Both of these primates are social animals. However, chimpanzees are even more so than gorillas, living in communities of over 100 individuals. Gorillas live in smaller groups of not more than 40. A gorilla’s family life is centred around the silverback, the dominant adult male who is recognized by the swath of silver hair on his back that comes with maturity. What is extraordinary about Mgahinga National Park is that the habituated Nyakagezi gorilla family has no less than three silverbacks.
The dominant silverback is Mark, who took over leadership from his father Bugingo, and is recognizable by a brownish strand of hair on his forehead. Mark got my attention when he was seated grumpily in the middle of a field of grass with his arms crossed around his middle to protect his hairless chest from the rain. I had been starring at his mighty appearance for at least 15 minutes when all of a sudden, he looked up and our eyes locked. We stared into each other’s eyes for at least 30 seconds, and I felt this immense connection, as if he was as interested in me as I was in him.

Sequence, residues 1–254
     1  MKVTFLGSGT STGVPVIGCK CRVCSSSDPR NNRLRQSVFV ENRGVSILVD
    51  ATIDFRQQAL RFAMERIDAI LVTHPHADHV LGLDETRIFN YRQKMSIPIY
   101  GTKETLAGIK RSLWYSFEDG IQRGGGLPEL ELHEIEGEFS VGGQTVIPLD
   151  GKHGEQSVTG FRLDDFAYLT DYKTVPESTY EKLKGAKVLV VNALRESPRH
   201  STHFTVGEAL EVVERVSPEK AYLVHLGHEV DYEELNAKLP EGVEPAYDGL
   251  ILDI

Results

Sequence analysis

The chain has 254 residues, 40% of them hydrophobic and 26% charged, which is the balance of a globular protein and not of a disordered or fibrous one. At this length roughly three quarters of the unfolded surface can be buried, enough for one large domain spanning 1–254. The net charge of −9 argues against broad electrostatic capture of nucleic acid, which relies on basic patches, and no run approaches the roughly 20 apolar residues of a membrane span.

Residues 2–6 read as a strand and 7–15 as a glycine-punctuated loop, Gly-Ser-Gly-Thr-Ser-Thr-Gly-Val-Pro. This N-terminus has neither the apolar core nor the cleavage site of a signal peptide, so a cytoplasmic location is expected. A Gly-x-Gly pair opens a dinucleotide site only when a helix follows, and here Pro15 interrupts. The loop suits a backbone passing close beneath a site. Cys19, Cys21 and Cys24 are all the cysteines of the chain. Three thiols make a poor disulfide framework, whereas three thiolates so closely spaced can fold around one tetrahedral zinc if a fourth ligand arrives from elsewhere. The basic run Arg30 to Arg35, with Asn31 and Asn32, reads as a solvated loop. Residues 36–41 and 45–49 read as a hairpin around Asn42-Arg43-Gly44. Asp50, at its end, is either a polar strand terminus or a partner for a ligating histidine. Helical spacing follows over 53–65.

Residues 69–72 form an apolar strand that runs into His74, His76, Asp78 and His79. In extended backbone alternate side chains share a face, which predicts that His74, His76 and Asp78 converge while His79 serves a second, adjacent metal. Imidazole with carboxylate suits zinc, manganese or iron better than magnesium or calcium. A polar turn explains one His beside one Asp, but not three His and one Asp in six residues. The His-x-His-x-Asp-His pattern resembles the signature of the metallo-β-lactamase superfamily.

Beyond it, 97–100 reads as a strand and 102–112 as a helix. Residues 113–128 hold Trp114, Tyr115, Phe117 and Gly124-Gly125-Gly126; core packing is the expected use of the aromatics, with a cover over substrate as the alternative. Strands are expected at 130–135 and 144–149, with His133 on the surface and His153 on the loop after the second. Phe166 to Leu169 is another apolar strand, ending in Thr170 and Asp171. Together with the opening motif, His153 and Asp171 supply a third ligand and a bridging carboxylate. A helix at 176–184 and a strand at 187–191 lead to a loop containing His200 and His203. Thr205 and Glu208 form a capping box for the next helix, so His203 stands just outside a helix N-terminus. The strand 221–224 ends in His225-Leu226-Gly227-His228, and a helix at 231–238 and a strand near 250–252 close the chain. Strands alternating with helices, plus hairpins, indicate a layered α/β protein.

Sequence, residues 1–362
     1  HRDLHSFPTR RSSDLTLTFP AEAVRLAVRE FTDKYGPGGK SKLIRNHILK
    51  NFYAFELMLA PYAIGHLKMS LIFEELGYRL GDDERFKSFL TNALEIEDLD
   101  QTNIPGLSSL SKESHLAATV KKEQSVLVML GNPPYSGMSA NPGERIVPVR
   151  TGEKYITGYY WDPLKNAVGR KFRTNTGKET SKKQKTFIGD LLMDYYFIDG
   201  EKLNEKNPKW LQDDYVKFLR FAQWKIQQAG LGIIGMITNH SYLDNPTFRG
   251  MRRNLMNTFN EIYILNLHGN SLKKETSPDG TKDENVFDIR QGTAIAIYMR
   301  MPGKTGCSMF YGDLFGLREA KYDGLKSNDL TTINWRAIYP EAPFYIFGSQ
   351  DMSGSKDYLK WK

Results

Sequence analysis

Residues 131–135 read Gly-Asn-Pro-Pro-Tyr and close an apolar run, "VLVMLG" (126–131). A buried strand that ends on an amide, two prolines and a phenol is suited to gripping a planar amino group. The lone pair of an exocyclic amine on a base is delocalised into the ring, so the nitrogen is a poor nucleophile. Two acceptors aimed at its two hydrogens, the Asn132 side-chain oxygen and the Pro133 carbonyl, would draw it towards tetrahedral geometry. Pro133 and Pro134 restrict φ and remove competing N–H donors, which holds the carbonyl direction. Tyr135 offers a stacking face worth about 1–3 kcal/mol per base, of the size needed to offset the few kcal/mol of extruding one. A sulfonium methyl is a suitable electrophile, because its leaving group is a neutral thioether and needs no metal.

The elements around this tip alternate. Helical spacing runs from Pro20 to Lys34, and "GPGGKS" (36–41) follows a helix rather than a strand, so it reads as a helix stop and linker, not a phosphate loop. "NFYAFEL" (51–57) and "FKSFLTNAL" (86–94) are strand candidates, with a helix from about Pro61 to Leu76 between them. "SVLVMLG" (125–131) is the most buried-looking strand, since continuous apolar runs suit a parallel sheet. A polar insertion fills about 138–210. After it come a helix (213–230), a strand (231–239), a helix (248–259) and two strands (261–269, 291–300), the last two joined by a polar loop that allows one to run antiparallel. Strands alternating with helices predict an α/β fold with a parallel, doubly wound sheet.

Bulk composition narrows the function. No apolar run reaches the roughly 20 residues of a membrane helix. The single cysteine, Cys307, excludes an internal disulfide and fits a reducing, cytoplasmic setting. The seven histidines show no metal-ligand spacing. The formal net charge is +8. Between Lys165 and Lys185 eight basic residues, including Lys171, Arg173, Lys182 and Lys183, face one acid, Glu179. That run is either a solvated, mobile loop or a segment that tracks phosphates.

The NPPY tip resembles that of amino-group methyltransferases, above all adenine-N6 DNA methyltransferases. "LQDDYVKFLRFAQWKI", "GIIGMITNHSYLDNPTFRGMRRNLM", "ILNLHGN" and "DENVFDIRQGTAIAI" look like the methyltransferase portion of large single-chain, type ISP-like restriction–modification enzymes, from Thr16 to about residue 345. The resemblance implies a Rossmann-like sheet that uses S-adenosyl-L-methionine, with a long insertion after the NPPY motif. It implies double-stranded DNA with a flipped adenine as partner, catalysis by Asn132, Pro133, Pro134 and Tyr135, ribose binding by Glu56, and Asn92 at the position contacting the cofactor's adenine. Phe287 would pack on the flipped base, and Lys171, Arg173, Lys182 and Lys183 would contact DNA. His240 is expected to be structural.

The silverback is the centre of the troop. He makes all of the decisions, mediates conflicts, determines the movements of the group, leads the others to feeding sites, and takes responsibility for the safety and well-being of the troop. We noticed this in the way that Mark talked to his family members, alerting them when we arrived and when we left. While chimps don’t have family members that stand out as much as the silverback, the sheer magnitude of a group of chimps makes it an exhilarating experience. Kibale Forest is like a playground for chimps and has the highest concentration of them in East Africa.